On May 29, 2014 76 Crimes reported: An appeals court will soon rule whether sharia law violates the fundamental constitutional rights oftransgender people in Malaysia. Among several writers describing what’s at stake, Neela Ghoshal of Human Rights Watch states:
Serafina (not her real name) led me up the staircase – her thick, sleek ponytail swinging back and forth – to an apartment in Seremban, Malaysia, that smelled of nail polish, green tea, and cigarettes.
“I love myself,” she told me, perched on the arm of the sofa. “I don’t want to be pretending to be a man.” This statement captures the heart of who Serafina is: a proud woman. Acting like a man would be masquerading as something she is not.
But because Serafina is a transgender woman, to her government she is a criminal.
Serafina lives under a legal regime that criminalizes “any male person who, in any public place wears a woman’s attire or poses as a woman.” The law forms part of Negeri Sembilan state’s “sharia enactment,” a state-level code of law that applies to Muslims and is enforced by the state Islamic Religious Department. This set of laws coexists with federal criminal law, which applies to all Malaysians and is secular.
Since Serafina was born with male genitalia and her national identity card reads “male,” merely stepping outside her apartment in a woman’s blouse and skinny jeans could send her to prison for six months. Serafina hasn’t been imprisoned yet, but she’s been subjected to fines and ill-treatment: state religious officials once punched her in the face.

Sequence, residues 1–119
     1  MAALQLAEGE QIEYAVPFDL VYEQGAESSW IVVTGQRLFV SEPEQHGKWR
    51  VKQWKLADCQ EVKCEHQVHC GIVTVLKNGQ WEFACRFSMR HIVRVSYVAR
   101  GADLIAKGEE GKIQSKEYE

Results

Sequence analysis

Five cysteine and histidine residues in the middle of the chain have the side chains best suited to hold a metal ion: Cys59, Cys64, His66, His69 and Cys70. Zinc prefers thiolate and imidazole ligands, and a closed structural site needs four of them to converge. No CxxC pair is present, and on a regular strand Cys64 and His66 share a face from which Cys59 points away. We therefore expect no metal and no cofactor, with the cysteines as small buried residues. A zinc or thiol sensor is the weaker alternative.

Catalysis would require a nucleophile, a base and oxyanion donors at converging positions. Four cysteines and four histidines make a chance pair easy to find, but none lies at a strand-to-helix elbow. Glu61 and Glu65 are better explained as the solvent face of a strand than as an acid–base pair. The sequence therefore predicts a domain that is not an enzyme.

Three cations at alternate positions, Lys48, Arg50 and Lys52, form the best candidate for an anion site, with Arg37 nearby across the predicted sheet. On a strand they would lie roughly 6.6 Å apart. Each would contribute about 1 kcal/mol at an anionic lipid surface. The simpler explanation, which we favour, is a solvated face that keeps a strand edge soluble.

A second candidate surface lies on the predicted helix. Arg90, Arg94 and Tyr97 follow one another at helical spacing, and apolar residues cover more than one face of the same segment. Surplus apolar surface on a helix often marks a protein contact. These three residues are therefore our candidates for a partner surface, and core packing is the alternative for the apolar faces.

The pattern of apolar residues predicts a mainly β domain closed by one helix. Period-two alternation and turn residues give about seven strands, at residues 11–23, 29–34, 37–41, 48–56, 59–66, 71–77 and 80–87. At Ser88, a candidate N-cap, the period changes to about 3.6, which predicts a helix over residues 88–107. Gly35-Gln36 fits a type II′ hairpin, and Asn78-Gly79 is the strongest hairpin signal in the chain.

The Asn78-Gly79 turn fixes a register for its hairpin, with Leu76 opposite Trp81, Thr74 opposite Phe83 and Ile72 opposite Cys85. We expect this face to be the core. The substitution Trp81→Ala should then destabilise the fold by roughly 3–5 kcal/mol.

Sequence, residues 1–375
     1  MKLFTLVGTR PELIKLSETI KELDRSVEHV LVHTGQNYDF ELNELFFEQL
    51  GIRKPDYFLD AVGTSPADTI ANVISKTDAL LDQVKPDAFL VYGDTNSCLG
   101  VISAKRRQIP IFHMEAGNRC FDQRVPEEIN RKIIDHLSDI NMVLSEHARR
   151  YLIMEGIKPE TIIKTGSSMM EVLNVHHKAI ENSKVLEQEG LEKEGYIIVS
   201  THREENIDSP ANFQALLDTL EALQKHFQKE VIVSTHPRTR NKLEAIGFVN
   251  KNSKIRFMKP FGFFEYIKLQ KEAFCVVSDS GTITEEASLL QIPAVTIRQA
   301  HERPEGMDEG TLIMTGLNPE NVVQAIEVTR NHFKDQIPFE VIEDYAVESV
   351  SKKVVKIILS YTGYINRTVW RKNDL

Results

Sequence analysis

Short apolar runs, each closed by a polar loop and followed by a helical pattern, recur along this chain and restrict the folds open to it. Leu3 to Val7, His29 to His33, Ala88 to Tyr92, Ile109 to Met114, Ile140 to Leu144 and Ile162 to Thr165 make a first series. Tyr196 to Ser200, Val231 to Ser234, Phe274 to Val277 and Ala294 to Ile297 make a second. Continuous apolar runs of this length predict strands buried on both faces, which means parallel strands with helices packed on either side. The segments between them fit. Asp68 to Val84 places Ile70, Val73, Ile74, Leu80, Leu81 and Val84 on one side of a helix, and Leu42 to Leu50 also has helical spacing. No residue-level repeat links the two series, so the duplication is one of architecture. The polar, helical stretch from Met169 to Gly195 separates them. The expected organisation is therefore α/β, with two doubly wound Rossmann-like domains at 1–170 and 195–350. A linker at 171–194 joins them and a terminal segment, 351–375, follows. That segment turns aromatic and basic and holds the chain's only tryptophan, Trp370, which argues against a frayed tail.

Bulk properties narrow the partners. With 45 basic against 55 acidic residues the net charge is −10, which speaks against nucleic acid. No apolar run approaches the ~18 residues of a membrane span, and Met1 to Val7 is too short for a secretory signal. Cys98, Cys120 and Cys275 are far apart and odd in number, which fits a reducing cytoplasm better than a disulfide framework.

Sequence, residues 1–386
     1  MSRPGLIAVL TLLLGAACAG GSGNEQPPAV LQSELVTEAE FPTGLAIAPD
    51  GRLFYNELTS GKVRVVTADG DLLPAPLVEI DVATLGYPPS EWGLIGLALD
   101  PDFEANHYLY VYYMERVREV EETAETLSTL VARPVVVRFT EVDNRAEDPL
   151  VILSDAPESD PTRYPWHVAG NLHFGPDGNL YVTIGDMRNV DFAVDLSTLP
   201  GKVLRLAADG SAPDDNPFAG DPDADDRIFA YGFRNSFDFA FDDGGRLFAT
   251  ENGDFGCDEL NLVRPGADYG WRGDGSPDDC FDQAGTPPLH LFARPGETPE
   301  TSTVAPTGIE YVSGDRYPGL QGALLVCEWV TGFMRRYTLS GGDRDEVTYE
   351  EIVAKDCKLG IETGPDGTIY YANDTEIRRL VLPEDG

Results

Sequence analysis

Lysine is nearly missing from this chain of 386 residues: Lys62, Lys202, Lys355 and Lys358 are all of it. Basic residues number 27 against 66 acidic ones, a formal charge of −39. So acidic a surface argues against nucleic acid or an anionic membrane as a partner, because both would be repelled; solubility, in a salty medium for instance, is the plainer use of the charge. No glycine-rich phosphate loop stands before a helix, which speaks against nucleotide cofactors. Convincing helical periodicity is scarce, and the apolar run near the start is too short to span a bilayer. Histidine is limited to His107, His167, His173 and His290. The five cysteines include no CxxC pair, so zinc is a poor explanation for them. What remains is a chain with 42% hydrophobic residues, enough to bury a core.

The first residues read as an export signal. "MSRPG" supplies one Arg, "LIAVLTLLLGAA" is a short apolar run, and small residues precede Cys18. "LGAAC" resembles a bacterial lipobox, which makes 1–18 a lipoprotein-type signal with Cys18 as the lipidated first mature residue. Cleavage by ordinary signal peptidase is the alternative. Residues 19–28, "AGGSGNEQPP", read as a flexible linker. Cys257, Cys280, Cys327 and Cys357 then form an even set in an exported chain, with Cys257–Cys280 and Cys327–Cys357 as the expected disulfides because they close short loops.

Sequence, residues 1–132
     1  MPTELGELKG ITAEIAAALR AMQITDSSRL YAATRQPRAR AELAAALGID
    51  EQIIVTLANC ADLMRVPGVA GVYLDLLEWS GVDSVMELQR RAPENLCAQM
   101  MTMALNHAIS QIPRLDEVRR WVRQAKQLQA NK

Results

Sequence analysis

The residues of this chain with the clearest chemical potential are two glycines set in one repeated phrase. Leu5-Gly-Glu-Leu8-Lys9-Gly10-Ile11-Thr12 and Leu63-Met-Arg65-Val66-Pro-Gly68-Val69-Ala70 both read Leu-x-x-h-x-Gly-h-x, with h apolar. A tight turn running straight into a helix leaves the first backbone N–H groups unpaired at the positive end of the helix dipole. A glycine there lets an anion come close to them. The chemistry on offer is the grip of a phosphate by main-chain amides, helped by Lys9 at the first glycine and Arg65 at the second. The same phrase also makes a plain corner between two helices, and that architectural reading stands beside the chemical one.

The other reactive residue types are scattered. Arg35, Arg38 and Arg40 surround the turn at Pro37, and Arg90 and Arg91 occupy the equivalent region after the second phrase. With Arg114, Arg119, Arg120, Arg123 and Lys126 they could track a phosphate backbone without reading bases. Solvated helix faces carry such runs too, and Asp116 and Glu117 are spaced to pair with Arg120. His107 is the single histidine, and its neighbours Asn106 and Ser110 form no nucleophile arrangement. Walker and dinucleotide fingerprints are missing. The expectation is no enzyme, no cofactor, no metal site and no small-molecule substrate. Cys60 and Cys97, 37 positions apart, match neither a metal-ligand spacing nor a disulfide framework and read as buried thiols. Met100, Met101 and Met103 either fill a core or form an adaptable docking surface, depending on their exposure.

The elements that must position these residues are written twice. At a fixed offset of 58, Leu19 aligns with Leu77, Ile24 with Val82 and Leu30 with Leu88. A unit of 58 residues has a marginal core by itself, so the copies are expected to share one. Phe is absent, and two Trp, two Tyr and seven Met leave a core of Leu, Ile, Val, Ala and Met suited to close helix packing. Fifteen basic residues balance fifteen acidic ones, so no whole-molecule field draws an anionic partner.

“What’s special about this case is the fact that we’re challenging the constitutionality of state sharia law, which has never been done before,” said Thilaga Sulathireh of the Malaysian trans rights group Justice for Sisters, J. Lester Feeder wrote in BuzzFeed.
Many states in Malaysia have adopted a sharia law [in Malaysia also described as Syariah law] that criminalizes “any male person who, in any public place wears a woman’s attire or poses as a woman.”
This case will be heard in the appeals court of Putrajaya in the state of Negeri Sembilan, south of the country’s capital, Kuala Lumpur. It has been making its way through the courts for three years. Four litigants first filed a constitutional challenge to the sharia code in February 2011, and the Negeri Sembilan High Court ruled against them in October of 2012. It is now before the state’s appeals court, which heard the litigants’ opening arguments on May 22. The next hearing is scheduled for July 17, including arguments from HRW and the government.
If the litigants lose in this state appeals court, they plan to take the case to Malaysia’s federal courts. Continued